- Wash clothing and bedding in hot water: Do laundry often, and wash your bedding once a week in hot water, which will help to eliminate dust mites.
- Use dust covers on pillows, furniture, and mattresses: Dust covers can help prevent dust mites from gathering on your pillows, furniture, and mattress.
- Remove rugs and wall-to-wall carpet: If possible, reduce the use of rugs and wall-to-wall carpet in your home. This can help keep dust mite levels down.
Cockroaches: Cockroach parts, saliva, and droppings can trigger allergic reactions. You can take the following steps to keep cockroaches from being a problem in your home:
- Don’t leave food or trash out: Food particles and trash will attract cockroaches.
- Used lidded trash cans: Keeping a tight light on your trash cans will prevent cockroaches from being attracted to them.
- Seal cracks in your home: Seal cracks under doors, in walls, and on the floor. These cracks make it easy for bugs to get in.
- Use traps or hire an exterminator: If you have a minor cockroach issue, traps may be enough to contain the problem. Major issues may require the intervention of an exterminator.
Pet Dander: Pet dander is the dead skin cells shed by your pet. Pet saliva and urine can also cause allergies. If you have a pet in your house, you can reduce allergens with the following steps:
- Keep pets out of the bedroom: Since you sleep in your bedroom and spend a lot of time there, it’s a good idea to keep your dander exposure to a minimum. Keeping pets out of the bedroom can help.
- Vacuum often: Use a vacuum with a HEPA filter to reduce dander.
- Groom pets outside: Brush pets outside to get rid of dander. If possible, have someone else do this or do it with a mask on.
- Use a HEPA filter: Using a filter in your home can prevent dander from circulating in the air.
Limiting exposure can certainly help, but it doesn’t always lead to complete relief. If you’re needing to manage your symptoms, your next step might be medications.
When symptoms occur, medications can help you find temporary relief. These are some of the most common medications you can find at your local pharmacy.
Over-the-Counter Medications: There are a wide variety of OTC allergy meds options. There are even options for kids, non-drowsy opinions, and 24-hour relief options. Here are the OTC allergy meds you can try:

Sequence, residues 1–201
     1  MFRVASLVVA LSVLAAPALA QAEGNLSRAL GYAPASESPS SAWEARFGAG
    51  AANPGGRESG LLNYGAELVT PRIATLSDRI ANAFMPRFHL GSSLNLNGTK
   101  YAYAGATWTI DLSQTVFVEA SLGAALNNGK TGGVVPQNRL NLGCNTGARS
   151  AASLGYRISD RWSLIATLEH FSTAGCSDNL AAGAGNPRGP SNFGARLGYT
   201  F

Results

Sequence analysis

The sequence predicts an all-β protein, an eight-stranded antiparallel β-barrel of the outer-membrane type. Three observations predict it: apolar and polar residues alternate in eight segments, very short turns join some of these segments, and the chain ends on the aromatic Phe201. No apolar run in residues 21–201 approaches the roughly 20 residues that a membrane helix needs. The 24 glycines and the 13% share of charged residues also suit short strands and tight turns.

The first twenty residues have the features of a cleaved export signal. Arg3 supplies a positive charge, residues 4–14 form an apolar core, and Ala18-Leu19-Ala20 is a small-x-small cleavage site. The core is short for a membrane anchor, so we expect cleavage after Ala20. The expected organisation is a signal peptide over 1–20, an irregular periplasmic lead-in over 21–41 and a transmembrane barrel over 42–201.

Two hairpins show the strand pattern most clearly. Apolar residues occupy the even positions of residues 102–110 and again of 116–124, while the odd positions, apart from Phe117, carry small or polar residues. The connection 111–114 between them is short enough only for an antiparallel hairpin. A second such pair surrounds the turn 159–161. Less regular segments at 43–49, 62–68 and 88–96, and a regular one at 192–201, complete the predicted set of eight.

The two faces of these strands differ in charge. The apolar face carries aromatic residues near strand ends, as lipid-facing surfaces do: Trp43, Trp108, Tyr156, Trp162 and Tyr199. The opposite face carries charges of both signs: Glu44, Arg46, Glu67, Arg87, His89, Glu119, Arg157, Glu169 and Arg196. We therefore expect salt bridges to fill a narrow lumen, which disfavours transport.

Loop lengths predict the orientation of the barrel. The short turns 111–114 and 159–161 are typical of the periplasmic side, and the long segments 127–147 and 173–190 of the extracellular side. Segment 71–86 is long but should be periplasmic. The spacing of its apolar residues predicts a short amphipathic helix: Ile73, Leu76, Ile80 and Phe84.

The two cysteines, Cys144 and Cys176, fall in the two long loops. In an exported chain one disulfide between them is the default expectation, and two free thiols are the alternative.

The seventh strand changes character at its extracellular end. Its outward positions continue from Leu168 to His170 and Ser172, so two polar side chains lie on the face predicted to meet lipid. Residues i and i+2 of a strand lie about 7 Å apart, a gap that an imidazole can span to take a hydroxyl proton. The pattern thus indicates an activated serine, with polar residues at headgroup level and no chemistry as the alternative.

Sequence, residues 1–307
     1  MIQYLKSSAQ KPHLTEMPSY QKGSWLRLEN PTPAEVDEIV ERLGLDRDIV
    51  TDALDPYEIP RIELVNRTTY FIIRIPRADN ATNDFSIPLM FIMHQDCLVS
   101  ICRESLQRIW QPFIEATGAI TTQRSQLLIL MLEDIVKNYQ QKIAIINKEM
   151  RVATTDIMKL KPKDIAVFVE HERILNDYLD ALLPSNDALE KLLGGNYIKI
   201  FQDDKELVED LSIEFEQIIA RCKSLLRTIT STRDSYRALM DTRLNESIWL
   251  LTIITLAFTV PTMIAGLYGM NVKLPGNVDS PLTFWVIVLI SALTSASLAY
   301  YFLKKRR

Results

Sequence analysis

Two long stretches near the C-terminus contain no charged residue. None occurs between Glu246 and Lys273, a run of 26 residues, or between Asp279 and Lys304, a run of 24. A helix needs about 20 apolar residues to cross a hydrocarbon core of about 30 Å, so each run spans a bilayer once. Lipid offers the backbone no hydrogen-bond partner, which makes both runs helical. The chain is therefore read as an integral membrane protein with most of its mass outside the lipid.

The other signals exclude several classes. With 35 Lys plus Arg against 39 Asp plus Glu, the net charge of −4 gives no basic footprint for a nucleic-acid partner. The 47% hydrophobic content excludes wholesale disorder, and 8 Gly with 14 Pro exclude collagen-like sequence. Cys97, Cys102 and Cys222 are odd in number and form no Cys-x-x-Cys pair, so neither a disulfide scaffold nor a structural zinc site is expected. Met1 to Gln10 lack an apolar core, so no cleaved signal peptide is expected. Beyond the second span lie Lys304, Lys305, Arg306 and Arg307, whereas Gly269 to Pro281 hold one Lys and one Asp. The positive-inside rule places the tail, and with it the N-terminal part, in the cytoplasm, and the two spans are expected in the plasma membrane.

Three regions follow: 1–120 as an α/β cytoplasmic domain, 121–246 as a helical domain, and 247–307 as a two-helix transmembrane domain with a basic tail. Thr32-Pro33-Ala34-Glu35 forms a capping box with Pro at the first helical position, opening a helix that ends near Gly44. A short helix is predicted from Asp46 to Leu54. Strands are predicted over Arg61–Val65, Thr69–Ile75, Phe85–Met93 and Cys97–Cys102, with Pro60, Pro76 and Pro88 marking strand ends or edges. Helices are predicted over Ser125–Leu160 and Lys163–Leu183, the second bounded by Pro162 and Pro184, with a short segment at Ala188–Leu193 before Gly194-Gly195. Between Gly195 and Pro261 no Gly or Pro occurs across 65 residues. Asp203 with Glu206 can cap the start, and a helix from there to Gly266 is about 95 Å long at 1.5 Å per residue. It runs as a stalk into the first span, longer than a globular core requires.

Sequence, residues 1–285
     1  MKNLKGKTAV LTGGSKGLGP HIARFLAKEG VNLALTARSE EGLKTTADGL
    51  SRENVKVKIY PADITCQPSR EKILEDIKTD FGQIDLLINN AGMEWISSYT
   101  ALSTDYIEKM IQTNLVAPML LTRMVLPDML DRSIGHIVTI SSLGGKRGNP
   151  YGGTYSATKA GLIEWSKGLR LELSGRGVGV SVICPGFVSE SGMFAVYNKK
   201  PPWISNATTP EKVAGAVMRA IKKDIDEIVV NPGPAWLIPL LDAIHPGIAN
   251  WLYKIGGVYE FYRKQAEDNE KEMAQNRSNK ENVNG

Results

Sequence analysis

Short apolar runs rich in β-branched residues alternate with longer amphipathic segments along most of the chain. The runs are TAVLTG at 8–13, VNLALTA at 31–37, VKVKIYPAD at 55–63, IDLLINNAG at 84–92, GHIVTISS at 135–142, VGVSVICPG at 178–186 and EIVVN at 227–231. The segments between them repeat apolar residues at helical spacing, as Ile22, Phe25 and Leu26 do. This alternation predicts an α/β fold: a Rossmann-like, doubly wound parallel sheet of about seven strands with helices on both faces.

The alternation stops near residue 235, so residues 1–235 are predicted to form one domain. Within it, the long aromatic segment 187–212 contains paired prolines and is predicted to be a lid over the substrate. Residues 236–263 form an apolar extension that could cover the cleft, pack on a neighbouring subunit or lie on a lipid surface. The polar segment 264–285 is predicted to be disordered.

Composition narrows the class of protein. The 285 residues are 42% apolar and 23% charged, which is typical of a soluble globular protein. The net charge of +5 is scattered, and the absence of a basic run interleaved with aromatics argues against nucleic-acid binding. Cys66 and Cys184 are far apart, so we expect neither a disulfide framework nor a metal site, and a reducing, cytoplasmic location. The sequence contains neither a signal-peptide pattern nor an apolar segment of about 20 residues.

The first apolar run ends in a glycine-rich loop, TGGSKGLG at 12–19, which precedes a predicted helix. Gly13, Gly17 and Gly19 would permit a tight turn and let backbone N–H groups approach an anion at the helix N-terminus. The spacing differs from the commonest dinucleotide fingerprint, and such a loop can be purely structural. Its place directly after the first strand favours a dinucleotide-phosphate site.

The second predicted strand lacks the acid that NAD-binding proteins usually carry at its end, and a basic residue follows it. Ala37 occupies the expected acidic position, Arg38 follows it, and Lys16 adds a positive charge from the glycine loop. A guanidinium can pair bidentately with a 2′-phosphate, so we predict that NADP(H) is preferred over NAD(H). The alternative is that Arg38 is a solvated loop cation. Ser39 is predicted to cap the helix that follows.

- Antihistamines: When your body perceives an allergen as a threat, it responds with antibodies and histamine. Antihistamines can inhibit histamine response, providing you with temporary relief.
- Nasal sprays: Nasal spray reduces swelling and inflammation in the nasal passage, providing relief from runny or stuffy noses.
- Eye drops: Eye drops can flush allergens out of your eyes, relieving itchy and red eyes.
- Prescription: When OTC allergy meds aren’t doing enough for you, prescription medications may be on the table. This should be a last resort and will need to be discussed with your doctor.
Preventative measures and medication can provide you with short-term relief, but if you are seeking long-term relief from your symptoms, you may want to consider sublingual immunotherapy.
Sublingual Immunotherapy Allergy Drops
Allergy drops are a form of immunotherapy that is administered with liquid drops under the tongue. Unlike allergy shots, this form of immunotherapy doesn’t require painful needles and trips to the doctor. Allergy drops are just as effective and can be taken at home.
Allergy drops work by introducing your immune system to small, incrementally increasing amounts of your allergen. This trains your immune system to ignore the substance instead of triggering an allergic response. If you’re interested in allergy drops, Wyndly is making them available to allergy sufferers all across the United States.
Get Lifelong Allergy Relief With Wyndly
When you’re ready to finally find lifelong relief from your allergies, let Wyndly help.
Our doctors will make you a personalized treatment plan. With sublingual immunotherapy allergy drops, your immune system will gradually learn to ignore allergen substances. Get a personalized treatment plan with Wyndly today to get started on your path to complete relief.
Indoor Allergens FAQs
Here are some frequently asked questions about indoor allergens.
If I remove allergens from my home, will I be free of indoor allergies?
While reducing allergens in your home can help, there’s no accounting for other homes and buildings. Even if you manage to free your own living space from allergens, you may still be exposed when you leave your home.
How do I know if I have indoor or outdoor allergies?
Generally, outdoor allergies will subside in the winter, especially if you live in a place that gets colder weather. That being said, an allergy test is the best and surest way to identify your allergens.
How do I know if it’s allergies or a cold?
Since indoor allergies can increase during cold and flu season, people sometimes wonder if they might just have a cold. Generally, a cold will last for one to two weeks before subsiding, while allergies can persist year-round. While they share many symptoms, some symptoms differ between the two. Allergies typically don’t come with a fever, and colds don’t typically come with hives or itchiness.